I would say it's probably bad. It reminds me of some code I read that a coworker wrote a while ago - in a public helper method, instead of throwing an exception, they did a MessageBox.Show() with an error message. That was pretty bad for several reasons, one of those being that I wanted to use the method without showing a stupid error to the user.
Personally, I like to have control over whether a method logs information or not (for the most part). What if I want to handle the exception in a way that doesn't clutter my log files?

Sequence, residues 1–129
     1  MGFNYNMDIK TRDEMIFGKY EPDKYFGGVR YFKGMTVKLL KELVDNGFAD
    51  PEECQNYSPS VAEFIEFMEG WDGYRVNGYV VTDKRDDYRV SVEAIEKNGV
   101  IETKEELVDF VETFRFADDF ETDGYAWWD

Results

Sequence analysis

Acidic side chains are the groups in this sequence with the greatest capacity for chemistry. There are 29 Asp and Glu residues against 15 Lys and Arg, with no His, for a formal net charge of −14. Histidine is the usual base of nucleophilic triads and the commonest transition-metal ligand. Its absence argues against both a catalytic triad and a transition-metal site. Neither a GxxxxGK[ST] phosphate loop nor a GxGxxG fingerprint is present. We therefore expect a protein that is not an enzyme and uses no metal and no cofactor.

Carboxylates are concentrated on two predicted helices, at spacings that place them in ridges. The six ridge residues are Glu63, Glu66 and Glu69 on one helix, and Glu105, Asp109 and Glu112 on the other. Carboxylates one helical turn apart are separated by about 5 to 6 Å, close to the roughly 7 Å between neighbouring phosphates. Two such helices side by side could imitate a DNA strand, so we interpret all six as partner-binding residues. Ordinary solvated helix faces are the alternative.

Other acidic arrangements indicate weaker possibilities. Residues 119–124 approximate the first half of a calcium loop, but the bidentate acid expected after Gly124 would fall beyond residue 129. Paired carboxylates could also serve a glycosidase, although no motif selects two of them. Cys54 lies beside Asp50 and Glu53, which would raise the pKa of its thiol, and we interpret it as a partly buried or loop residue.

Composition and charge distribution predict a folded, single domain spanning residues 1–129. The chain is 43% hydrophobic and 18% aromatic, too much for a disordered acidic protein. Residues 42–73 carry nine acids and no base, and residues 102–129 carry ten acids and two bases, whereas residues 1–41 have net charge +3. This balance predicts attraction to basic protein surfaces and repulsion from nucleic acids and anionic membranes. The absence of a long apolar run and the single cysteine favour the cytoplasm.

On the other hand, maybe the person who wrote the code designed it this way on purpose, to make sure other programmers didn't get away with NOT logging when they should. It depends on the scenario.
I personally don't like it because it's a separation of concerns problem - the logging should probably be decoupled from the task that the method is trying to perform. Unless logging is an essential part of that task. And for certain exceptions, the logging may very well be important.